New York Business Lawyers

Definitional Differences between Joint Ventures, Partnerships, and Strategic Alliances Difficult to Pin Down for New York Businesses (and Others)

by / Thursday, 03 June 2010 / Published in Startup & Corporate

Business Contracts for New York and ElsewherePart of the problem lies in the very close and overlapping definitional terminology used to describe the various frameworks.  Throughout many an agreement, treatise, or other resource, the terms “partnership,” “joint venture” and “strategic alliance” are loosely used to describe a broad and sometimes frustratingly wide array of business transactions and relationships. So today, we will begin our discussion simply with the definitions found in Black’s Law Dictionary, Eighth Edition.  It defines these various terms as follows:

PARTNERSHIP. A voluntary association of two or more persons who jointly own and carry on a business for profit.* Under the Uniform Partnership Act, a partnership is presumed to exist if the persons agree to share proportionally the business’s profits or losses.

JOINT VENTURE. A business undertaking by two or more persons engaged in a single defined project.* The necessary elements are: (1) an express or implied agreement; (2) a common purpose that the group intends to carry out; (3) shared profits and losses; and (4) each member’s equal voice in controlling the project. – Also termed joint adventure; joint enterprise. *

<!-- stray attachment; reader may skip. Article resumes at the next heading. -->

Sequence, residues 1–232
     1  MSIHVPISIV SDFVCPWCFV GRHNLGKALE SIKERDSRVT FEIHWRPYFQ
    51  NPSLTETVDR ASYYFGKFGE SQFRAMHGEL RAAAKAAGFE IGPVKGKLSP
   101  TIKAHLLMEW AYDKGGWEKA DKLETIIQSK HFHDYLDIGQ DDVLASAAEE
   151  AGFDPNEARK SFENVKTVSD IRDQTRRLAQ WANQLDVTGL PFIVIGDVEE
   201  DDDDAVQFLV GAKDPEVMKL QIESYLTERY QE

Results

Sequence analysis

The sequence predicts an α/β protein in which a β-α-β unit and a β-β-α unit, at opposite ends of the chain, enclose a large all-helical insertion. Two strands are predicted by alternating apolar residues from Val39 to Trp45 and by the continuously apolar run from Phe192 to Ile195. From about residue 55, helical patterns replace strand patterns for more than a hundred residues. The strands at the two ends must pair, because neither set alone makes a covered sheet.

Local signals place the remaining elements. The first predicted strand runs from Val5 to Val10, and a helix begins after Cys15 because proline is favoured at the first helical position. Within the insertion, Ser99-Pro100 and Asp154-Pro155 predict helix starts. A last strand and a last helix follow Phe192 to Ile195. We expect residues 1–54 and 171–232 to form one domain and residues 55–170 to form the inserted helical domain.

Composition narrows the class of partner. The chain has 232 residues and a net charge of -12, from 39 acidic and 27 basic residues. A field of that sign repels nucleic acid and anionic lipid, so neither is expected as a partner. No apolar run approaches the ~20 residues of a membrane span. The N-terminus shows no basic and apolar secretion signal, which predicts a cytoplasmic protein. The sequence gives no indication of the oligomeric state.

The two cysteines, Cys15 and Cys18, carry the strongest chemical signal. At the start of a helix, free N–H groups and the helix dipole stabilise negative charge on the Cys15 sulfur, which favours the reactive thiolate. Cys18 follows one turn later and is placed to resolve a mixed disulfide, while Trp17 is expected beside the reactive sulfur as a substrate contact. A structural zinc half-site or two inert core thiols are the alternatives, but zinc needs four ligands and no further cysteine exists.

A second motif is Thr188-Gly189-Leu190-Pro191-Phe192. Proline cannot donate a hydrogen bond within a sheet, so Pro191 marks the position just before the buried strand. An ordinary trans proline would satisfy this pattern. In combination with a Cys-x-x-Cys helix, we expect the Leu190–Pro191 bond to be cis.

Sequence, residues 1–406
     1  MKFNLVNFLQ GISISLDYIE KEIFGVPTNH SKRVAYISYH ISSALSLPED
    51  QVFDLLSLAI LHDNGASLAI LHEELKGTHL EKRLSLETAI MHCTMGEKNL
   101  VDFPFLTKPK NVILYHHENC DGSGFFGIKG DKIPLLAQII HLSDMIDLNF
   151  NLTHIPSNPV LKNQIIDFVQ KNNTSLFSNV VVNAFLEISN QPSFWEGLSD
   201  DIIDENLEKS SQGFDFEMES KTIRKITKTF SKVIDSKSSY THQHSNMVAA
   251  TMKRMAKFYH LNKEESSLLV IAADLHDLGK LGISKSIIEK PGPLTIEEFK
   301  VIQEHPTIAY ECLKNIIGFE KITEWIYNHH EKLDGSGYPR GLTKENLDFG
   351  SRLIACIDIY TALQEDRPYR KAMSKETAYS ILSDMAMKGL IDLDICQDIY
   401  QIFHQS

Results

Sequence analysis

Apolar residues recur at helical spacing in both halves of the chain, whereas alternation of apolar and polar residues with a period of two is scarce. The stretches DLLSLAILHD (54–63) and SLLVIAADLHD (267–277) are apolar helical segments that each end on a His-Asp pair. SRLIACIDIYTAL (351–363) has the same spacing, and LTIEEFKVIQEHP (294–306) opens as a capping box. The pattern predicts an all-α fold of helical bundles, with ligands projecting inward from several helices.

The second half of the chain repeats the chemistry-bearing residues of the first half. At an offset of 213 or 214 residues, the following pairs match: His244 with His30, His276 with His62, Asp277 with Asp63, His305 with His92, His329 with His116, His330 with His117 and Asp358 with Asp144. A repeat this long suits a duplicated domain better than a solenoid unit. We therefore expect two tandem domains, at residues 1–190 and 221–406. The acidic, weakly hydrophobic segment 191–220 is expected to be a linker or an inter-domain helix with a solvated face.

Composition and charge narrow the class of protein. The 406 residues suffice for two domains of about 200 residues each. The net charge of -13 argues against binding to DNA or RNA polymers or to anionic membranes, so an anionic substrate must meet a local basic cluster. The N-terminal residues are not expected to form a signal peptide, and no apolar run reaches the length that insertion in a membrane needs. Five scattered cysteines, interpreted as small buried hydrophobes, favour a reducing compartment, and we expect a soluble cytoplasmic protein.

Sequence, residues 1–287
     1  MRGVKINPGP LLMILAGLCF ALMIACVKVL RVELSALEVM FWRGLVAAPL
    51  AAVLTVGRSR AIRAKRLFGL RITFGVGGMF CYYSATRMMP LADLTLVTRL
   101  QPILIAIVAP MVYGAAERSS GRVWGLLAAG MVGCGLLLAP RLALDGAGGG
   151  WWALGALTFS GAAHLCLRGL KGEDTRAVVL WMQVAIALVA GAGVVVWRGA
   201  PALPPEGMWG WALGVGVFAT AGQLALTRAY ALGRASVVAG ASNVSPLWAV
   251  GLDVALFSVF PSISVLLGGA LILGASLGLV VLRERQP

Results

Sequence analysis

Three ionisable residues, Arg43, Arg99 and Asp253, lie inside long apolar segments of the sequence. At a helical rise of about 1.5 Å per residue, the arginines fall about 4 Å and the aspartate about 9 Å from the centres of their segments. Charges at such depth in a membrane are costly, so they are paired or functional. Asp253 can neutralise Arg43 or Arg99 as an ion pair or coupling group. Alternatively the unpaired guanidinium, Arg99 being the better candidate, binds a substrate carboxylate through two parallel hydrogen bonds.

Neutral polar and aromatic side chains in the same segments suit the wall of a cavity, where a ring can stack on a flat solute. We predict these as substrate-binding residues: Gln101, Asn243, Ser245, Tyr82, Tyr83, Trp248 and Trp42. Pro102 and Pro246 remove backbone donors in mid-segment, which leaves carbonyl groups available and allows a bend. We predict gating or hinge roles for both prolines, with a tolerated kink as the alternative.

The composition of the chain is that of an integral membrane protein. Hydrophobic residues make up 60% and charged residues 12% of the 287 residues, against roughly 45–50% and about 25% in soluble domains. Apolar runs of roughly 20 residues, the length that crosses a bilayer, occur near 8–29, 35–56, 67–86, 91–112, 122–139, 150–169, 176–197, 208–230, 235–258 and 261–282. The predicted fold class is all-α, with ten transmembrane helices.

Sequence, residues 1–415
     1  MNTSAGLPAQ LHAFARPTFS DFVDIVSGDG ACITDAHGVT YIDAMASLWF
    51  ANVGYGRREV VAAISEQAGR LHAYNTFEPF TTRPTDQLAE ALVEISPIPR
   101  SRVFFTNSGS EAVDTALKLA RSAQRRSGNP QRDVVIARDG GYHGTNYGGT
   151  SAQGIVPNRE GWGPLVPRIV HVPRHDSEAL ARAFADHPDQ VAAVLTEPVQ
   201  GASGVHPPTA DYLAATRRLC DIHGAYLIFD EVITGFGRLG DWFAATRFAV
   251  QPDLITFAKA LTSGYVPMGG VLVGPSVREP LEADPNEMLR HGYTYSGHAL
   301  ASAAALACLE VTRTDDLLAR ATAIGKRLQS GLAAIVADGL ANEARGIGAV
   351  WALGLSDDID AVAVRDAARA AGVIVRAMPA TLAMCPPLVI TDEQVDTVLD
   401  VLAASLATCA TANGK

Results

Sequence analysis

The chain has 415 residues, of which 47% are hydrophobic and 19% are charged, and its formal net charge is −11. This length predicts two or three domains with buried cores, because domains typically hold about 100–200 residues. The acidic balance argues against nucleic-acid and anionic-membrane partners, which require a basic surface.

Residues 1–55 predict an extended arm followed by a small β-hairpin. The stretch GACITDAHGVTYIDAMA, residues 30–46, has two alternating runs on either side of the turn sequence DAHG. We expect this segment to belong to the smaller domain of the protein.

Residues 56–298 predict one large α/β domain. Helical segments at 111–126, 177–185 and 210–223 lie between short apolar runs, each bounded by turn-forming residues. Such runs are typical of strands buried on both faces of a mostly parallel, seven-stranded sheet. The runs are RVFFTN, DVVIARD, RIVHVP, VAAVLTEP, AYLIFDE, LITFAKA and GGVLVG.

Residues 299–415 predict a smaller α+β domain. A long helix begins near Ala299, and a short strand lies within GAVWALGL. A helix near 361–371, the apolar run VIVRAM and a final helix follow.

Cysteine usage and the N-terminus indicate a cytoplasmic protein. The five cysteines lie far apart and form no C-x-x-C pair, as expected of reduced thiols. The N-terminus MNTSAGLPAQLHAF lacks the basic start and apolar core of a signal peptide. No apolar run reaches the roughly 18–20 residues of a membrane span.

‘There is some difficulty in determining when the legal relationship of joint venture exists, with authorities disagreeing as to the essential elements . . . . The joint venture is not as much of an entity as is a partnership.” Henry G. Henn & John Alexander, Laws of Corporations Section 49, at 106 (3rd ed. 1983).’”

STRATEGIC ALLIANCE. A coalition formed by two or more persons in the same or complementary businesses to gain long-term financial, operational, and marketing advantages without jeopardizing competitive independence through their strategic alliance, the manufacturer and distributor of a codeveloped product shared development costs.”

In the coming weeks, this blog will explore the differences inherent in these definitions through practical real world examples.

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